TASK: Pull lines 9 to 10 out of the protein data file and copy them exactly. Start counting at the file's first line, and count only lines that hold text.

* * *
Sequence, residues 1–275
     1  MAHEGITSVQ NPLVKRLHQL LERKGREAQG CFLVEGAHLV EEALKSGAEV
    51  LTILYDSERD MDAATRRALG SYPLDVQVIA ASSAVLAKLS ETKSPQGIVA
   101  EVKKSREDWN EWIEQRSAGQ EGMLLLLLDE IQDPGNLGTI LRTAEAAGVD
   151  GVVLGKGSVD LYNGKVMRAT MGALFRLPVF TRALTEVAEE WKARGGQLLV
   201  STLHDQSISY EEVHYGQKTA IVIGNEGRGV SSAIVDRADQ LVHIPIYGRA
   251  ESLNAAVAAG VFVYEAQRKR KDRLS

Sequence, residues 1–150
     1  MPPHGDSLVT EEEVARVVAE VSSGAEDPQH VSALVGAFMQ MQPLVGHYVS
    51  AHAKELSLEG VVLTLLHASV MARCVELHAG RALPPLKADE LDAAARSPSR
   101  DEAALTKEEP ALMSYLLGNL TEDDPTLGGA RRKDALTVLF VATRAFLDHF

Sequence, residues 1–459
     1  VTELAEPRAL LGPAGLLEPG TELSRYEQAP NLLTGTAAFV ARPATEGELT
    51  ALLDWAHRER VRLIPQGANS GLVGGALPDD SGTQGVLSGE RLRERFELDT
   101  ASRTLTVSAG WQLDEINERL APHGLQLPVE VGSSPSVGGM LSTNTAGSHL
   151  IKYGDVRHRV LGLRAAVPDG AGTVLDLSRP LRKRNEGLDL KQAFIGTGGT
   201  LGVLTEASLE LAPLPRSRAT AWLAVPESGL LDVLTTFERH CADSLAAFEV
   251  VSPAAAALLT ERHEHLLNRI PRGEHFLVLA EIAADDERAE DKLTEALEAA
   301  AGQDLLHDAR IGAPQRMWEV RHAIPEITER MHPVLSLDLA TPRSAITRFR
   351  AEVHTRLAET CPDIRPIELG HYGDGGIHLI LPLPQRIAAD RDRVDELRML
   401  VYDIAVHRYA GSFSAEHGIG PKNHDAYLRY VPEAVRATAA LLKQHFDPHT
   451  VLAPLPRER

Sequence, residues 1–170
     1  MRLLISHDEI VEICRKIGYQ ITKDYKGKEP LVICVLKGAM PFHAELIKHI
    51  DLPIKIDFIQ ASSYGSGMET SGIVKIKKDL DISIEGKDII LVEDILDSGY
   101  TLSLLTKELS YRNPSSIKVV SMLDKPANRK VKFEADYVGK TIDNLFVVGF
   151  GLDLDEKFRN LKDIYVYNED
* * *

     1  MPPHGDSLVT EEEVARVVAE VSSGAEDPQH VSALVGAFMQ MQPLVGHYVS
    51  AHAKELSLEG VVLTLLHASV MARCVELHAG RALPPLKADE LDAAARSPSR